There are loads of racing suits to pick from, too. They aren't all just different generic colors and styles either. There are both full racing suits and full-face helmets, as well as outfits with jeans, leather jacket, and open face helmets with goggles. There are a bunch of special novelty suits, too, ranging from disco-era tuxedos to The Dude's sweater and shorts from "The Big Lebowski." Unfortunately, all of these suits are awarded by random chance. You can get them by reaching new experience levels by completing races, or by purchasing prize crates, which can contain cars, suits, or mods which can be applied during races to earn extra cash and experience by performing racing feats.
These are all the great things you would expect from a Forza Motorsport game. Now we should talk about the things that we expected — but aren't exactly glad they still showed up. First among them is the homologation system. Most every race series is based on a style of car, rather than a performance class, for example hot hatches. It's an idea that sounds cool, since you'll get to pit a bunch of the same style of car against each other to see which is best. But the problem is that those styles span a wide range of performance. In the hot hatch category is both the Hyundai Veloster Turbo, and previous generation Honda Civic Type R. Those cars aren't actually comparable in real life, let alone virtual, due in part to the roughly 100 horsepower difference between them. As a result, the only way Forza will let you use a car like the Veloster is if it's hopped up to compete. For the average player, this isn't too big a deal since the game can automatically upgrade the car to compete. But for somewhat nerdier players, which include many of us at the office, the system precludes the opportunity to race the car in stock form and experience how it feels and compares to similarly performing cars.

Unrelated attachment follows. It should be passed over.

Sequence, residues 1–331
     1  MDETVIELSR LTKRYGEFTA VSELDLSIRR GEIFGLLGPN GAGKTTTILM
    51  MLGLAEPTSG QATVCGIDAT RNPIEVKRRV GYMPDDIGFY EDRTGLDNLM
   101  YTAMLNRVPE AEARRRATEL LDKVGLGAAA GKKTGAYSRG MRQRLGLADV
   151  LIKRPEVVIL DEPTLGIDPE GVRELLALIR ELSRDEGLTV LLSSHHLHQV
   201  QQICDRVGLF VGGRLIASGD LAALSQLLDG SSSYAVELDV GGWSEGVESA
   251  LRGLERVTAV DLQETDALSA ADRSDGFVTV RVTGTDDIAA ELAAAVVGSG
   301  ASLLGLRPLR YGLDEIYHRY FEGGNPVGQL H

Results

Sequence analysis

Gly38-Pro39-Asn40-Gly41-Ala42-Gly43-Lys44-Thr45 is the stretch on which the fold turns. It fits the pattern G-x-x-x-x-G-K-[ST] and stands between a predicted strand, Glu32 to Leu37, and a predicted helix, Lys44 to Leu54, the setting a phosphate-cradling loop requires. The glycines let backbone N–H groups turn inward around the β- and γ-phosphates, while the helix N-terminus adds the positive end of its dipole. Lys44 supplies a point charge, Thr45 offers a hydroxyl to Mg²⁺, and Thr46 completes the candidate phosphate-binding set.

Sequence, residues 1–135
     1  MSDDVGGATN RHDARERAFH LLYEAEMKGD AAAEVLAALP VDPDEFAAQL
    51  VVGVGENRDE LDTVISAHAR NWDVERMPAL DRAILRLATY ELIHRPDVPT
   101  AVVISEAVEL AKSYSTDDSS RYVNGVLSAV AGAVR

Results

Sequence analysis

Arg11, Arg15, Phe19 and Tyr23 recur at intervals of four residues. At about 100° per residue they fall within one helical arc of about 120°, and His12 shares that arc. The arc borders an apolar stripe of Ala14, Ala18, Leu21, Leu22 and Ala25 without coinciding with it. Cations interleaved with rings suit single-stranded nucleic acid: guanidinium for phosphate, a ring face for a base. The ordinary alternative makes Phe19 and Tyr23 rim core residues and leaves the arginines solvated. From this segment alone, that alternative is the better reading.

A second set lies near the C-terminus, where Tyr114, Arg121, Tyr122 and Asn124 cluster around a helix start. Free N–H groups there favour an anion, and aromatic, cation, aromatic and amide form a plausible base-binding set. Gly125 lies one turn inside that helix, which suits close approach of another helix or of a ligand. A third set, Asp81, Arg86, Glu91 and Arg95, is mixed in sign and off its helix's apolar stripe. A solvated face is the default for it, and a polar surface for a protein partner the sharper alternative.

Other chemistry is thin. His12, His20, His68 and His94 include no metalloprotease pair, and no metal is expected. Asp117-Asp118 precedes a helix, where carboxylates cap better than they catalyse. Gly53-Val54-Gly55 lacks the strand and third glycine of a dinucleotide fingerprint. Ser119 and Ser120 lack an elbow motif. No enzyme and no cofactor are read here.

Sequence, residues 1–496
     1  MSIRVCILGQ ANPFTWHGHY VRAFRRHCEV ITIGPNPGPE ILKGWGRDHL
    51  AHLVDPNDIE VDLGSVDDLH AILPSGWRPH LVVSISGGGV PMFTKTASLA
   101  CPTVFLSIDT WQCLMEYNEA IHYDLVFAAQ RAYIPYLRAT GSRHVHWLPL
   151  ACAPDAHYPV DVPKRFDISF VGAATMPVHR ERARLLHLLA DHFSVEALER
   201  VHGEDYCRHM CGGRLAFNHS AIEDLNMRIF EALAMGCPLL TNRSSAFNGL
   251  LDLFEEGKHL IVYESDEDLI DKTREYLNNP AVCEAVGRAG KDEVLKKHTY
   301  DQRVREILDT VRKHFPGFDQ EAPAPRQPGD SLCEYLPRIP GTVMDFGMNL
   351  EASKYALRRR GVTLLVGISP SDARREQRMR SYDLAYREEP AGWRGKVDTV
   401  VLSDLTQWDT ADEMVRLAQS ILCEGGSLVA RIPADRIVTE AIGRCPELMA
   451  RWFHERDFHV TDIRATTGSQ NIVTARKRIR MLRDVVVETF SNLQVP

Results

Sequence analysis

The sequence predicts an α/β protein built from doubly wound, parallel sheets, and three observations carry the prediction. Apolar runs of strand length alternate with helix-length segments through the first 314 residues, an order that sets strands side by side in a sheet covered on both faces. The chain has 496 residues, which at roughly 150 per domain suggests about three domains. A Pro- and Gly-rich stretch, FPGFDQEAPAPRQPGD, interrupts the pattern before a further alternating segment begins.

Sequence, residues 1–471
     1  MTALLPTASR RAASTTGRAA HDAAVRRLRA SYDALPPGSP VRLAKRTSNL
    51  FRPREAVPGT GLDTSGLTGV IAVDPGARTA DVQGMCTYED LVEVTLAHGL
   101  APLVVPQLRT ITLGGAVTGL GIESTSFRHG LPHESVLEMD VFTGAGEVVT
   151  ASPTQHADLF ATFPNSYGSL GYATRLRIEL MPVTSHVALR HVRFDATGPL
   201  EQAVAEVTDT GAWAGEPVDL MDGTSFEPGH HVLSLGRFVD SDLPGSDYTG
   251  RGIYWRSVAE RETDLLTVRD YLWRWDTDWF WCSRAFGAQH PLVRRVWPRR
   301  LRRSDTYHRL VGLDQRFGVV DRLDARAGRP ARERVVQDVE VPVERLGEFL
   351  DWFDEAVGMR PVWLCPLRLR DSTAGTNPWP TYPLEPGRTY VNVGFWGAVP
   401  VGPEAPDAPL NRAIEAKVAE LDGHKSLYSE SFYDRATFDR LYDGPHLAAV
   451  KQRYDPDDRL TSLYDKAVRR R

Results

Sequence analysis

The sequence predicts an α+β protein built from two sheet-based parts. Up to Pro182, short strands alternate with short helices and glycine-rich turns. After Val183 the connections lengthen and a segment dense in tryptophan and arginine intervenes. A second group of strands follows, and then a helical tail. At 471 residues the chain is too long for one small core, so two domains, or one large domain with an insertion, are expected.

Returning to the topic of cars, though the car list is substantial, there are quite a number of strange holes in various automakers' rosters. Looking at hot hatches once again, heavy hitters such as the Focus RS, Golf R, and Civic Type R all are present, some in multiple generations, but the Focus ST and any of the last three GTI generations are absent. And it's still impossible to ignore the lack of any production Toyotas in the game.
Modifications are still lacking for many vehicles, too. When I went to modify a Mazdaspeed Miata, the only bodykit options were the generic Forza complement of tow hooks and canards. This is particularly frustrating when many more options were available on the same car in previous Forza Motorsport games. That said, more popular cars do still have plenty of visual modifications available, and every car has the same wide wheel selection and paint scheme editor.
Finally, the reward system has really become convoluted, and those prize crates are the culprit. They're the only way to get items like custom racing suits, and they have to be purchased with credits you could've spent on upgrades and cars. And different boxes of different costs yield different random rewards. The more expensive, the better the chance at getting a rare item. But regardless, you'll mostly be getting more "mods" to use in races to earn more money and experience. This does help you advance and have the chance of earning a new suit, new car, or credit bonus, but you'll also probably just pour a lot of your credits back into more prize crates. It seems as though there could have been a simpler, more user-friendly system.
But when you look at the overall package, even with some of our gripes, Forza Motorsport 7 is still a superb racing game. It has loads of cars, spectacular graphics, lots of ways to tweak the experience for yourself, and it's accessible to both newbies and veterans alike. It's exactly what you'd expect from the series.